(Before you get all, “you’re watching a competitor’s webinar” on me, let me digress for a moment. When Joe Palko and I sold Solid Cactus to web.com in 2009, Joe stuck around for a while before moving on to become Chief Marketing Officer at 3dCart. I continue to be gainfully employed at the big SC where Scott Sanfilippo is both my name and title, the latter of which is usually followed by the letters, UGH.)
Duane presented for a little over an hour. He discussed the history of SEO from the early days where keyword stuffing and hiding white text on a white background was considered the norm, to today where it’s all about providing useful, relevant content that users and search engine spiders find interesting and “natural” enough to get your site indexed.
If you have an hour to kill over the weekend and you’re looking for ways you can help your site’s SEO efforts, I encourage you to watch Duane’s presentation. It’s well worth the hour.
While I’ll let you pull your own take-aways from the webinar, there were a few that I’ll point out here that I feel are relevant for us eCommerce store owners:
For those of you who think Social Media isn’t a factor in SEO, think again. Your company’s activity on Facebook, Twitter, Google+ and the others is indeed factored into your credibility online – or “authority” as the search engines call it. The more relevant, sharable, unique content you push out to your fans and followers, coupled with the number of times they are liked, +1’d and shared goes into the mysterious algorithms the engines use to determine rank.
In the social sphere, Duane noted that unique content is important. If you’re sharing things on your walls or in your tweets that a gazillion others have shared, you’re not helping. The search engines are going to look at who the original provider of that content was and consider them the authority, not you. So the more unique content you can provide your followers, the better.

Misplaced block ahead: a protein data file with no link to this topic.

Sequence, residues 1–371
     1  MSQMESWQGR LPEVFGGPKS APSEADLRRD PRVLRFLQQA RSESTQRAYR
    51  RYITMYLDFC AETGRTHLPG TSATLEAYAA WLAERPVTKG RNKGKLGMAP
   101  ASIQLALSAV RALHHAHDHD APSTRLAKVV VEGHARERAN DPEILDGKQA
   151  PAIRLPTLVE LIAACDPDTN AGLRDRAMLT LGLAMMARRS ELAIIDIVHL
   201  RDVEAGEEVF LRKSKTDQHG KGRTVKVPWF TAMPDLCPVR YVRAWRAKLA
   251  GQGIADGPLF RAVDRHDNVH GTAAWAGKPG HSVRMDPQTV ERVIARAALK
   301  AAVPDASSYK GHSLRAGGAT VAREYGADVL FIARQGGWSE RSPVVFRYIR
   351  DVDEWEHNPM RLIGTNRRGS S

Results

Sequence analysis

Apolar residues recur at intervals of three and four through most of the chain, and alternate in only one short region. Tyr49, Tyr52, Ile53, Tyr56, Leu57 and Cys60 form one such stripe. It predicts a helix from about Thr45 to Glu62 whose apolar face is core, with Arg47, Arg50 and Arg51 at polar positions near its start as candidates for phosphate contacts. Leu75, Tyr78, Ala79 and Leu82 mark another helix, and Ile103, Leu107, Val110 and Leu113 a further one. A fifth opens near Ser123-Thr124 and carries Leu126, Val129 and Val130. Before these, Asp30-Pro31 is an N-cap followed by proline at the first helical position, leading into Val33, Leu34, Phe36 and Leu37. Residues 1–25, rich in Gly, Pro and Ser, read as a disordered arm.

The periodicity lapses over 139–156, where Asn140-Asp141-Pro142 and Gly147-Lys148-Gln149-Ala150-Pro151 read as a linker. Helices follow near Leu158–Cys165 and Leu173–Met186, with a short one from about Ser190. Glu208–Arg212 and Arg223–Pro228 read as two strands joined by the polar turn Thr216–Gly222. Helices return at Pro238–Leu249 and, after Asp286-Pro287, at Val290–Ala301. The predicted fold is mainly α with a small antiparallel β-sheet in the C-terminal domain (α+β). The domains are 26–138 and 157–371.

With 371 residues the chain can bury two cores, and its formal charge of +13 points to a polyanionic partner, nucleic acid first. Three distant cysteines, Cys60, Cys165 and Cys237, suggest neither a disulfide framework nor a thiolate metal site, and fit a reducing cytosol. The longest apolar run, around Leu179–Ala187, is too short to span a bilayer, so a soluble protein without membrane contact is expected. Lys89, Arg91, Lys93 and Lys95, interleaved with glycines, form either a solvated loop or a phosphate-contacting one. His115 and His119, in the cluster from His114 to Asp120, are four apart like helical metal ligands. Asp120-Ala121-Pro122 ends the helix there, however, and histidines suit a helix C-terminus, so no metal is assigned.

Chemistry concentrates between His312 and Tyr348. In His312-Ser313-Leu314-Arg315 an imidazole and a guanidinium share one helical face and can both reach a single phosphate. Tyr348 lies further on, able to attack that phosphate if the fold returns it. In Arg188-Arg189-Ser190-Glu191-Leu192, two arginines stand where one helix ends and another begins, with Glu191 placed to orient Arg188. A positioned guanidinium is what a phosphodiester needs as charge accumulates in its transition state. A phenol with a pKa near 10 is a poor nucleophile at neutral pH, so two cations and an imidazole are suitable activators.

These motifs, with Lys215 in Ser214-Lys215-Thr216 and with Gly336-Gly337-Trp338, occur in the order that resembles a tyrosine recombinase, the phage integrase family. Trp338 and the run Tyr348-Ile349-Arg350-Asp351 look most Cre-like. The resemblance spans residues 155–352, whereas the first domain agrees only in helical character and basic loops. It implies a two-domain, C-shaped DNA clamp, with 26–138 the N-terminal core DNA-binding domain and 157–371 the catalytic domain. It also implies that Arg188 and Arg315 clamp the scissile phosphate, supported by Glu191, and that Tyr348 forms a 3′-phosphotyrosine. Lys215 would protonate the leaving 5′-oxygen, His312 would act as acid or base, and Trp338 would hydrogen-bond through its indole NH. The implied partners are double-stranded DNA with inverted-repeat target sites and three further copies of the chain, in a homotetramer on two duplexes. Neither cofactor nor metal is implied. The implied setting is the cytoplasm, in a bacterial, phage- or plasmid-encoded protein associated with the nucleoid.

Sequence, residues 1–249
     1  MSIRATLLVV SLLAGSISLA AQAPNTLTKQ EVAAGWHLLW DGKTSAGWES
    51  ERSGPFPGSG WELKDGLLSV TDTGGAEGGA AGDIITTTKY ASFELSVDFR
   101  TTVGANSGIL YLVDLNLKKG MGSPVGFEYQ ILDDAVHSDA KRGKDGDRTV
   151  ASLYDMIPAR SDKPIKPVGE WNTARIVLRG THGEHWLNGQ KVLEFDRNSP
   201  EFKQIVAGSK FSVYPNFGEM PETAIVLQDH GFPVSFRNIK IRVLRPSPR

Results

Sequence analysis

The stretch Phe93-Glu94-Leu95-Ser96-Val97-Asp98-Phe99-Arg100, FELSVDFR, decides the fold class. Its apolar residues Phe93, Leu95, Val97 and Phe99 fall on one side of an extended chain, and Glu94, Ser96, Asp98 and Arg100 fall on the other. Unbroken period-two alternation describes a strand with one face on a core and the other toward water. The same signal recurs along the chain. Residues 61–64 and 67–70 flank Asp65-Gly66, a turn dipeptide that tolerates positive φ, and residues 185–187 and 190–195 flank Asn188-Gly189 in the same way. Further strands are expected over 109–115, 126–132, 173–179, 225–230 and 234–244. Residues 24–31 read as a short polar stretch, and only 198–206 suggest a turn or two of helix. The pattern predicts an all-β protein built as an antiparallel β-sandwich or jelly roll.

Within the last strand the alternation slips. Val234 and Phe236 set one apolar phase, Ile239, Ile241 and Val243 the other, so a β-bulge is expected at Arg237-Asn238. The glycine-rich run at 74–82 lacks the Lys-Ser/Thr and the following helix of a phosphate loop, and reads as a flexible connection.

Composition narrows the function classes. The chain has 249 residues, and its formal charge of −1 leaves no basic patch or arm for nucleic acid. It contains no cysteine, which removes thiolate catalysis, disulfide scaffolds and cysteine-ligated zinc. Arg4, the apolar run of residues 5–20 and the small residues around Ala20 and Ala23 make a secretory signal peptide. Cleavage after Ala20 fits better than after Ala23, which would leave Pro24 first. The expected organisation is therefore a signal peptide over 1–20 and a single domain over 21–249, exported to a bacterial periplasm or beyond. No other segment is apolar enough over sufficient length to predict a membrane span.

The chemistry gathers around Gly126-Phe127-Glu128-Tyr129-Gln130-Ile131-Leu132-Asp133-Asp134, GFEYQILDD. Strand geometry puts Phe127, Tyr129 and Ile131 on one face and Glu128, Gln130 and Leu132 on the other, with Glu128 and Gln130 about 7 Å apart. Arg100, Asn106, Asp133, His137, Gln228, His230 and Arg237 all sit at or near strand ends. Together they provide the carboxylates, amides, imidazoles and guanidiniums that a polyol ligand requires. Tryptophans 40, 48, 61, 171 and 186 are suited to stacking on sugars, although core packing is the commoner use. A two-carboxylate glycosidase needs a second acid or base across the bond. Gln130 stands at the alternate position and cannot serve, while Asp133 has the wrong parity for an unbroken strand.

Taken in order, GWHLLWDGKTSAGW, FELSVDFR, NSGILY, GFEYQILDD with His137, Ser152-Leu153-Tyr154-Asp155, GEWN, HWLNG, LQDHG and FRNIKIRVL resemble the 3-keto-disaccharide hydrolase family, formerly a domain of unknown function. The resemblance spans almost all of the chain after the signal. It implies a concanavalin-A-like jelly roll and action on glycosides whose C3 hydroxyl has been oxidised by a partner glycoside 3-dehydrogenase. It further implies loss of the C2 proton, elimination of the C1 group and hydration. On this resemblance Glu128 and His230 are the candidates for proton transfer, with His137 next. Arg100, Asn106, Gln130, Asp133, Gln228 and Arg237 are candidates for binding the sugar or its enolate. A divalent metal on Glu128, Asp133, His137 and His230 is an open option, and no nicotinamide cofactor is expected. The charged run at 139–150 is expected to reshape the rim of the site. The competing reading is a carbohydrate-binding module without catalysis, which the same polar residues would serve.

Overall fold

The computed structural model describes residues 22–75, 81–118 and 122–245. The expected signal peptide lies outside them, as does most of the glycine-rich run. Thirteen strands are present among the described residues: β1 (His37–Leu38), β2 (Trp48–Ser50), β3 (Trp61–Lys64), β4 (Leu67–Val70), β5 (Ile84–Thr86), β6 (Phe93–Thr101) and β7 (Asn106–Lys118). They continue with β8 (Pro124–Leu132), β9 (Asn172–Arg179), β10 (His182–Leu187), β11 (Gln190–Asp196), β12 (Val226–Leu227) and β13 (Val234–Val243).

Another point he made that I found interesting, is Bing’s relationship with Facebook. Once you connect your Facebook account with Bing, they use your Facebook activity to tailor search engine results based on that activity. While Google uses the less popular Google+ to do this, Bing has quite an advantage by the tie-in they have with Facebook which has a user-base the size of Texas compared to G+’s Sheboygan sized base.
Other social media take-aways:
- Don’t buy followers! I’ve never been a fan of those companies who buy likes just to make themselves look good. The search engines are on to this practice, so avoid it. Duane suggested staying away from clicking the “Boost Post” button and sponsoring your Facebook posts to get additional fans, as this has the same effect as buying followers.
- Posts with links are perceived by the search engines as being more credible than those without. But don’t fret, you don’t need to include a link on every tweet or post you make.
- Like everything else to do with SEO, unique content is what users are looking for, and it’s what drives them to return to your page and follow you.
- Watch your follower/following count. Duane says the search engines are smart enough to know that if you have 20,000 followers and you’re following 18,000 people, you don’t have the time to keep up with those 18,000 people’s tweets. So skip the auto-following of those who follow you and only follow those you feel you want to receive tweets from.